A review published by Public Health England (PHE) has found that more than 500,000 patients in England were continuously prescribed an opioid for three years or more, despite a lack of evidence showing their efficacy in the long term.
The review, which was published on 10 September 2019, is the first to investigate dependence and withdrawal problems associated with five commonly prescribed types of medicines in England: benzodiazepines, Z-drugs, gabapentinoids, opioids and antidepressants. It found that one in four (11.5 million) adults in England were prescribed at least one of these types of medicines in the year ending March 2018.
Half of these had been continuously prescribed the medicine for at least the previous year, and between 22% and 32%, depending on the type of drug, had received a continuous prescription for at least the previous three years.
The review said that, of these patients, “approximately 540,000 had been prescribed opioids coninously for 36 months or more”, despite evidence that “prescribing opioid pain medicines for longer than 90 days was associated with opioid overdose and dependence”.
“Long-term prescribing of opioids for chronic, non-cancer pain is not effective for most patients and guidelines specify that benzodiazepines should not usually be used for longer than 2 to 4 weeks,” it continued, while adding that, for some medicines, such as antidepressants, long-term prescribing may be clinically appropriate.
The review also found that following years of increase prior to 2016, prescriptions for opioids and Z-drugs decreased in 2016/2017 and again in 2017/2018.
For antidepressants and gabapentinoids, however, the prescribing rate increased between 2015 and 2018. This was most marked for gabapentinoids, which had a 19% increase in the number of prescriptions, from 1.2 million to 1.5 million.
Prescribing rates and duration of prescription were higher in some of the most deprived areas of England, the review noted. For example, prescribing of opioids and gabapentinoids was 1.6 times higher in the most deprived areas, compared with the least deprived.
Claire Anderson, chair of the English Pharmacy Board at the Royal Pharmaceutical Society, said it was “incredibly important” that the prescribing guidelines for these medicines are followed and that patients taking them are monitored closely.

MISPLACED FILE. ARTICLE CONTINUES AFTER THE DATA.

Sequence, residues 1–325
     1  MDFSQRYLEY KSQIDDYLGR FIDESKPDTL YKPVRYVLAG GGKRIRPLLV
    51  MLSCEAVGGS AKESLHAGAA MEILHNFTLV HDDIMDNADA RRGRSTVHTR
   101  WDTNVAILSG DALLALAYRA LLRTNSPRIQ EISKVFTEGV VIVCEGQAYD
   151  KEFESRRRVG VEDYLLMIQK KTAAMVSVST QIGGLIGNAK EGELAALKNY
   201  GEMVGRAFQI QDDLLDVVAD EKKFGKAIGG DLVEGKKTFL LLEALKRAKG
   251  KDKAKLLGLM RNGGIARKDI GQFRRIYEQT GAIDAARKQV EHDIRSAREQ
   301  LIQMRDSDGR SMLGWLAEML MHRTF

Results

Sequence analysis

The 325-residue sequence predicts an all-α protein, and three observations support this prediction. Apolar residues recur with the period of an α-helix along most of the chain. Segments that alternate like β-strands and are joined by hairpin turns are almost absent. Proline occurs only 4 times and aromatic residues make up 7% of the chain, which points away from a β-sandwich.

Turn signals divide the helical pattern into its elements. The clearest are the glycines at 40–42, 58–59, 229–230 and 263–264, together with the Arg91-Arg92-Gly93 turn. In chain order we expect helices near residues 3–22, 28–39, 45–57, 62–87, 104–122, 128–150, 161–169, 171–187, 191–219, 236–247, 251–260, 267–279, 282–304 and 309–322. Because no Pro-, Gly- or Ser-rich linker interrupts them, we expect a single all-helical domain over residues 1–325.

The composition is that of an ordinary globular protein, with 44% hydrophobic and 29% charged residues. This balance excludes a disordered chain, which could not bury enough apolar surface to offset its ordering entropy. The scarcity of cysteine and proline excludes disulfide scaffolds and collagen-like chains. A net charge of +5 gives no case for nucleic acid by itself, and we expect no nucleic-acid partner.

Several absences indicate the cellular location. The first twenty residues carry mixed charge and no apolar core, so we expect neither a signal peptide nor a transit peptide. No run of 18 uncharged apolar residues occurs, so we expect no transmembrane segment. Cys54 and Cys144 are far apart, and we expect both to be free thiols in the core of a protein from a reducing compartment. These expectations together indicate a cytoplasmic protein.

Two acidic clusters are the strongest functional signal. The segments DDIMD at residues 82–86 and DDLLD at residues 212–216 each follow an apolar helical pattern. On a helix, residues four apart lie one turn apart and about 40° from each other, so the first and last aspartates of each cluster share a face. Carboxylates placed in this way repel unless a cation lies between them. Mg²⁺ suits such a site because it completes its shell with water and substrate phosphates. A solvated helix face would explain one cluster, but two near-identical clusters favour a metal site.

“As the role of pharmacists, including as prescribers, grows across the NHS, they have an increasingly important role to play in discussing and reviewing medicines with patients,” she said.
“Patients with pain, mental health issues and anxiety want to be free of [these things] and often the long-term answer for these conditions doesn’t lie in the prescription pad,” she added.
“Reducing prescribing may be appropriate, but must be combined with access to other services, such as talking therapies, mental health support and social prescribing.”
PHE’s review recommends better monitoring, treatment and support for patients, including giving NHS commissioners and doctors better access to data to improve insight of prescribing behaviour; updating clinical guidance for medicines which can cause problems with dependence and withdrawal; improving training for clinicians; and giving better information to patients about the benefits and risks associated with these medicines.
It also recommended that a national helpline is set up to provide patients with a combination of support and guidance on topics, such as tapering and coping with withdrawal symptoms.
Keith Ridge, chief pharmaceutical officer at NHS England, said: “These medicines have many vital clinical uses and can make a big difference to people’s quality of life. And, for some, their long-term use is clinically necessary — particularly antidepressants — which can take longer to have their full effect.”
“But for many patients, they may not be the best option, with talking therapies and social prescribing often [being] more appropriate.”
Sheuli Porkess, executive director of research, medical and innovation at the Association of the British Pharmaceutical Industry, said that pharmaceutical companies were “fully committed” to playing their part.
“We’re working with [the Medicines and Healthcare products Regulatory Agency], PHE and other professional bodies to help make sure that all medicines are prescribed and used safely and appropriately.”
The National Institute for Health and Care Excellence (NICE) is currently developing a guideline on the safe prescribing and withdrawal of prescribed drugs.
Paul Chrisp, director of the Centre for Guidelines at NICE, said: “The proposed scope of this guideline should complement the evidence review. We are consulting on the proposed scope until the end of the month.”